Day 1 of veteran driver’s powerful insight into how Scottish courier service is on the front line of the battle against Coronavirus
BY ALYSON McKELL
AFTER 14 years working with Eagle Couriers I can say with absolute confidence that I love my job. No two days are ever the same and the variety is brilliant.
I also get to drive what I consider the best vehicle in our fleet – a Mitsubishi electric hybrid which is a real head turner and talking point everywhere I go.
But things have changed dramatically under the Coronavirus lockdown. This new world is unsettling in some ways, but still hugely rewarding. My work with the NHS has increased dramatically and there are many other ways I feel I am making a real, positive impact.
With so much change afoot, I decided to start keeping a diary. It may just surprise you to find out the kind of work a professional courier is involved in:
To start my day I have an early morning collection of legal documents. Lawyers in Scotland have their own dedicated mail system, called DX Mail, to ensure important paperwork is guaranteed to be delivered between different law firms.
Even though many law firms are closed, there are those that still want or need their paperwork delivered to their offices. Others even want documents delivered to lawyers who are working from home. I pick up the relevant paperwork from DX Mail in George Square and make the city centre drop offs.
At Eagle Couriers we are lucky enough to have a major contract with the NHS in Greater Glasgow and Clyde. That means many of my daily jobs consist of visiting health centres and clinics all across the area, collecting all sorts of different types of samples then delivering them to hospitals for testing.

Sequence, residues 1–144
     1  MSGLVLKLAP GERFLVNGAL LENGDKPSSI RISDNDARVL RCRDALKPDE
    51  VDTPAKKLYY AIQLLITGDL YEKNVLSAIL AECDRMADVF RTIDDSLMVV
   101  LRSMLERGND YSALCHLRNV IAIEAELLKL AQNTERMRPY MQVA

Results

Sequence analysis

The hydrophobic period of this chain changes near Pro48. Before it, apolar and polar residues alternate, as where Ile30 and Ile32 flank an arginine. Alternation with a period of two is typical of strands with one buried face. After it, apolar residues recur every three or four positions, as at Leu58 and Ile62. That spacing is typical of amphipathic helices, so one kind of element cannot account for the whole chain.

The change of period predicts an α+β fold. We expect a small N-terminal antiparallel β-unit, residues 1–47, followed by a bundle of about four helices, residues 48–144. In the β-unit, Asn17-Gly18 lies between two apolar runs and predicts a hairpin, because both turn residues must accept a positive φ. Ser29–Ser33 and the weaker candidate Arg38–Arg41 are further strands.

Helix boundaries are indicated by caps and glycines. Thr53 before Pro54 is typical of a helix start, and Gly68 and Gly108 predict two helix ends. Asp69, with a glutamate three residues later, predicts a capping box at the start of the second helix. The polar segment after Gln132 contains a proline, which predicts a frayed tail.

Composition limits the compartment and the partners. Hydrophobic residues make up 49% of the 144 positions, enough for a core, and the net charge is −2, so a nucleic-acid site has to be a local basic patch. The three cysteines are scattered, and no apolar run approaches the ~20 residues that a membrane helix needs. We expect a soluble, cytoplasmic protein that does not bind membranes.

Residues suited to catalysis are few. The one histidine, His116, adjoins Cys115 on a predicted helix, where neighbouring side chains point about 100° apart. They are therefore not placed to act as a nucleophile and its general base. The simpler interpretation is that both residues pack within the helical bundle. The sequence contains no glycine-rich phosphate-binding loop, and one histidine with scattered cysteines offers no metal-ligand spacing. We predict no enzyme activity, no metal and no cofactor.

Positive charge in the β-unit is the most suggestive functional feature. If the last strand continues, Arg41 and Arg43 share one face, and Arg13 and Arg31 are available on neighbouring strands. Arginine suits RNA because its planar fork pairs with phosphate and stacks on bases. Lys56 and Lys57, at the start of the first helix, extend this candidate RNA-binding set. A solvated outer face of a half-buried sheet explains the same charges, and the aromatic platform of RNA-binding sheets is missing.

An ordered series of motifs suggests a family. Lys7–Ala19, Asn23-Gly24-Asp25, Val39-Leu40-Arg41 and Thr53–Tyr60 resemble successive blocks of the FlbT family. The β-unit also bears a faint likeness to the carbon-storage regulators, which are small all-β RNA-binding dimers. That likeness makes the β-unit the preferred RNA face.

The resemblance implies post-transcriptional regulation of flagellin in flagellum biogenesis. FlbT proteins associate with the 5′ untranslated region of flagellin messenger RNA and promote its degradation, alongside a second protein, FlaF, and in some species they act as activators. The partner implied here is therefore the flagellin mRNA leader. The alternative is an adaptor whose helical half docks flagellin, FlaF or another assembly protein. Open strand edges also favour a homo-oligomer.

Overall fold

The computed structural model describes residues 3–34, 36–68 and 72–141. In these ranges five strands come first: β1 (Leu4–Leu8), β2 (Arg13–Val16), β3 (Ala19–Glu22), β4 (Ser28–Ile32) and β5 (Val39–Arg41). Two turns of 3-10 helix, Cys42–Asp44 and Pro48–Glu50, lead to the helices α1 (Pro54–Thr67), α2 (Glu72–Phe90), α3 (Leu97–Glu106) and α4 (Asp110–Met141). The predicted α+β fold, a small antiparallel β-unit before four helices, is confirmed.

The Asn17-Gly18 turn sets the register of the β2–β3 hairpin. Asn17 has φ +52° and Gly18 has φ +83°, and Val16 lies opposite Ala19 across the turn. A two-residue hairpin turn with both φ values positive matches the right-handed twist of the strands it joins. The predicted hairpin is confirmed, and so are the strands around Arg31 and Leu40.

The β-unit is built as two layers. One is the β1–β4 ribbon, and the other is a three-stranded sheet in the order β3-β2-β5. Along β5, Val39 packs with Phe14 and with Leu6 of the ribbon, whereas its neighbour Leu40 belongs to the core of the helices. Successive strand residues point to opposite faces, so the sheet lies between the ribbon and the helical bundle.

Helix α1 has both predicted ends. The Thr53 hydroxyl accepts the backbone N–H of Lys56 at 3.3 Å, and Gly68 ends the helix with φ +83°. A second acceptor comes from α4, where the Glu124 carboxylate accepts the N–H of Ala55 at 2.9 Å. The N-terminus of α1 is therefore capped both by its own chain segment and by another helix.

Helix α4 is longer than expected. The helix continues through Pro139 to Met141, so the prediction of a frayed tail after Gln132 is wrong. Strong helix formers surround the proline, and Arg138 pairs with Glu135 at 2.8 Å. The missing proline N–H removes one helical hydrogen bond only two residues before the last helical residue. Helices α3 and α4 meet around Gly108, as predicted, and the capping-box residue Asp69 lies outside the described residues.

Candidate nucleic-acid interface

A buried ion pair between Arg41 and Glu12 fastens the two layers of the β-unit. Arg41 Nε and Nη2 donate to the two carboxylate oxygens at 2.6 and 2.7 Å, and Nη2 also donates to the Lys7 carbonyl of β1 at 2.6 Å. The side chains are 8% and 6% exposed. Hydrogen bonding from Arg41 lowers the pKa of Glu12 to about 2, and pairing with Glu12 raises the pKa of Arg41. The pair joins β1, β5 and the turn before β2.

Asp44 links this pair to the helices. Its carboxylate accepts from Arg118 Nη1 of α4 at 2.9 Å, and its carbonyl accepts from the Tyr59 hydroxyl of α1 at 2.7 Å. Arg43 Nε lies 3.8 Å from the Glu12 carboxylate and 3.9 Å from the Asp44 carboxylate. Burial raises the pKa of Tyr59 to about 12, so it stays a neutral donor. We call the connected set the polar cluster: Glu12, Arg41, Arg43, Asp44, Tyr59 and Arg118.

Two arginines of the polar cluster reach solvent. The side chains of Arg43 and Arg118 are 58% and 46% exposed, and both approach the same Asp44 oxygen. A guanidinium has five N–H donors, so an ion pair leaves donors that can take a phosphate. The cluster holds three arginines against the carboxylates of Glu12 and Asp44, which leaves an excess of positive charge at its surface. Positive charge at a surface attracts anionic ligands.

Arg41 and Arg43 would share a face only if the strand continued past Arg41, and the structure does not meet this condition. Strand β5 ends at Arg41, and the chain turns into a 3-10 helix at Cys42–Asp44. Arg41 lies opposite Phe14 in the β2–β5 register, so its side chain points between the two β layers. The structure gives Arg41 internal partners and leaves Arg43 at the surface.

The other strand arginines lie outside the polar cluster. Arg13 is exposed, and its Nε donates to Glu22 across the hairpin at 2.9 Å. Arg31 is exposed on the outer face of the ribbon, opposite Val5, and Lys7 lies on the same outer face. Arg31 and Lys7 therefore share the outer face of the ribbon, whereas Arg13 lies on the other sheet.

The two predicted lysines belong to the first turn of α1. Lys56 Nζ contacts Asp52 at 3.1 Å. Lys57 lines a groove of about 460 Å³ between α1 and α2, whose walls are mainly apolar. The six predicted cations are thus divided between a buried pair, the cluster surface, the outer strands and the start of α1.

With those completed, it’s then on to pick up other medical item from the main NHS hospital stores depot in Glasgow. Items from there are sent all over the country. I was delighted to learn that among the stuff I was delivering was protective gear for the nurses at the Marie Curie Hospice at Stobhill Hospital in Springburn.
Following that I have another important, NHS-related job – collecting samples and other important materials from Sandyford, the specialist sexual health service for Greater Glasgow and Clyde. Those are taken to Glasgow Royal Infirmary, where I collect other material to be taken back to Sandyford.
Next up I have a trip to a branch of Boots to collect vital palliative care medication which is to be delivered a number of care homes and nursing homes. These are the drugs which make sure people are as peaceful as possible at the end of their lives.
A number of other stop offs are also NHS related – quick exchanges in ambulance bays to collect medications for delivery to various locations where they are needed. Then a visit to the NHS hospital stores in East Kilbride to collect medicines and other equipment as part of a chain of step for onward delivery all over the country as quickly and efficiently as possible.
However, the day still isn’t over While we all know the tests the NHS faces from Coronavirus, the rest of its brilliant work is still carrying on behind the scenes.
For me that involves collecting samples from Lightburn Hospital and taking them to the Glasgow Royal infirmary labs for testing. Then there are more Sandyford samples to be collected and ferried to the labs.
Another vital, long-standing contract for Eagle Couriers is the work with the phlebotomy service, collecting blood samples from all over Greater Glasgow and Clyde and delvering them safely to the labs where they are tested.
And so it all starts again tomorrow…
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